One of my favorite pastimes is watching Phil Hellmuth videos on Youtube. Hellmuth will frequently find himself losing large pots and accusing his opponent of playing worse than he did. Sometimes he’s right, but mostly he fails to think on the same level of his opponent. That is not to say that he plays worse necessarily, but that he fails to read what his opponent is thinking and plays as if he was playing against himself.
What I’m getting at is that Hellmuth will put his opponent on what he would have in a given situation and applies that to his opponent rather than considering what outs his opponent has. As a result he ends up playing right into his opponent’s hand a lot of the time. If you can think of outs that your opponent has for your play then you’re not fooling anybody by pretending that your play is “genius” or unbeatable.
When you overcommit into a Bonfire that you don’t have to or play a deck that isn’t good against a reasonable percentage of the metagame, saying that there is something wrong with the game rather than your preparation is foolish behavior and it makes you look like this:
Another favorite pastime of mine is chuckling at people that rage about drawing too many/few lands. This weekend at the TCG Player 5K I kept this hand on the play against Mono-Red:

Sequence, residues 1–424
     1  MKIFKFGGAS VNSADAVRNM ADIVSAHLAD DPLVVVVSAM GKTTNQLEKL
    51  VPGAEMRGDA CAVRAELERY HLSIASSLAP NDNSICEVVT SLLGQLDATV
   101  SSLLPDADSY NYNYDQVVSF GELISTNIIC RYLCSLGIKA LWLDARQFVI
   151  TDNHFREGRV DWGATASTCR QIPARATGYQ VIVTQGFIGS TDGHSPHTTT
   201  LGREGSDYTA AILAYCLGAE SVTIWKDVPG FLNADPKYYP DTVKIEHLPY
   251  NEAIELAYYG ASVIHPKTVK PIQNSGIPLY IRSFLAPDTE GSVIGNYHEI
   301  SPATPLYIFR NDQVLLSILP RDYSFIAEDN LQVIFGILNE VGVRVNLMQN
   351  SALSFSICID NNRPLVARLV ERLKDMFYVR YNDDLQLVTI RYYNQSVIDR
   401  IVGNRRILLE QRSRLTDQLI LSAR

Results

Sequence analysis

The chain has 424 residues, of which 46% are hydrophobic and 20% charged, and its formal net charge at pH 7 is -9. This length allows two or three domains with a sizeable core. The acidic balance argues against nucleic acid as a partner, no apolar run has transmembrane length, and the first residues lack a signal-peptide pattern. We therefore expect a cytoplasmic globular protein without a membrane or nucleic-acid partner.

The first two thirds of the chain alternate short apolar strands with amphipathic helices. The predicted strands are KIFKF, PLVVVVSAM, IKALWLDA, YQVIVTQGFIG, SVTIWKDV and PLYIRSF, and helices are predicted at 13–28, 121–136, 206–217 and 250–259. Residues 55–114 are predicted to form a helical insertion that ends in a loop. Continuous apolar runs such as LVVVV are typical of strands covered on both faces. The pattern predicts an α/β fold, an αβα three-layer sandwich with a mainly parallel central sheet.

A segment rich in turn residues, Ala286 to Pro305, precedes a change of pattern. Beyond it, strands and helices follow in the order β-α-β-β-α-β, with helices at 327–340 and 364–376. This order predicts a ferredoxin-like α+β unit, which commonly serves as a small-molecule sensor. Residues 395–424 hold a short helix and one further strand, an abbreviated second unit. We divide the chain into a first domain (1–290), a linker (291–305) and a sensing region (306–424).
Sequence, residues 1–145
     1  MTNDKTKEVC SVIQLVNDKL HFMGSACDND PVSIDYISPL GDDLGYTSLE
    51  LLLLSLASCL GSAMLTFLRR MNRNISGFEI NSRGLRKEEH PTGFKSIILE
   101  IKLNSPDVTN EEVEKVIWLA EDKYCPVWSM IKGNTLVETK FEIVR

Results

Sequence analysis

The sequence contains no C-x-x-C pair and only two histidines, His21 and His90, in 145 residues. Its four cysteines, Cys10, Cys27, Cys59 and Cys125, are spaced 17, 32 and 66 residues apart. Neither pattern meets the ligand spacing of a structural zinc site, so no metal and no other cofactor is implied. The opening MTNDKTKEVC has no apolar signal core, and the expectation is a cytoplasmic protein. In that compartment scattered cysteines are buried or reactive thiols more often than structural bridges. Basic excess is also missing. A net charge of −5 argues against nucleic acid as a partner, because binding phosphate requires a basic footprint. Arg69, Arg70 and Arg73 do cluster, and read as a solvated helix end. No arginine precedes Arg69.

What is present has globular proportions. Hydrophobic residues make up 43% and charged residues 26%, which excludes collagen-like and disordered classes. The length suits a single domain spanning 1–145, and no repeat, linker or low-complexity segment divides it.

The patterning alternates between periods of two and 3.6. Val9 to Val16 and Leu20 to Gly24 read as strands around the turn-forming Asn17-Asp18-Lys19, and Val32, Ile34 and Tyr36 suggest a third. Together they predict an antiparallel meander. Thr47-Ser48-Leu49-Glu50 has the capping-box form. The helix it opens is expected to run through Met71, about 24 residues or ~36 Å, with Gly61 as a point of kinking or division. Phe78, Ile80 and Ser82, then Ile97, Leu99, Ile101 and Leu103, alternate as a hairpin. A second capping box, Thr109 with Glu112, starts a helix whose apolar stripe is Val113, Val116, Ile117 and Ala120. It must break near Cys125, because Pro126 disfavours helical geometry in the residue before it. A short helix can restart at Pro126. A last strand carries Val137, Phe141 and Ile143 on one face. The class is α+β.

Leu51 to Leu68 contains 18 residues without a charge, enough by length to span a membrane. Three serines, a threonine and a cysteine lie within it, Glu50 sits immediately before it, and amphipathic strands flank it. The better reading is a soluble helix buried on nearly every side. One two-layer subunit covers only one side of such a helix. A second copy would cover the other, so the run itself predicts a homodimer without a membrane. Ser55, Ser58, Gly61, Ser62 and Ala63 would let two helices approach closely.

To the surprise of nobody I drew four lands and died in not-so-dramatic fashion.
I had a deck full of Centaur Healer, Thragtusk and Sphinx’s Revelation, and I kept this garbage. With this hand, I basically need a two drop and/or a Centaur Healer in my first three draws to not just die, especially considering that my Knight is AWFUL against Stromkirk Noble and Ash Zealot. My opponent even had the Noble! How Lucky!
Alternatively, if I mulligan I get to see six fresh cards which gives me considerably higher odds of having a turn three Centaur Healer. I didn’t commit the actions available to me to help generate the opportunities that I wanted.
Another interesting thing about this game was that when I played my Restoration Angel my opponent Thunderbolted it. I wasn’t familiar with monored sideboards and I was not at all prepared for that to happen. Meanwhile my opponent was clearly prepared for me to be casting an Angel.
Was he lucky to have the Thunderbolt for the exact card that it’s good against in my deck? Sure, but it certainly wasn’t dumb luck. I kept a hand that was ice cold to Thunderbolt because I was underprepared and he found himself getting the opportunity for which he was prepared.
There’s quite a bit more to say on this topic and it is one that will likely be worth revisiting in the future, particularly with regard to constructing decks that are best suited to combat the greatest number of possible situations.
I realize that the brief mention of my Bant deck without a list is a bit of a tease, but I haven’t been able to compile all of my thoughts on the deck just yet. Expect a write-up about it for next week.
If you can’t wait that long I was streaming an 8-man with the deck last night and talked a bit about the list. The video for this can be found here:
Until next time, be prepared; high five!
@RyanOverdrive on Twitter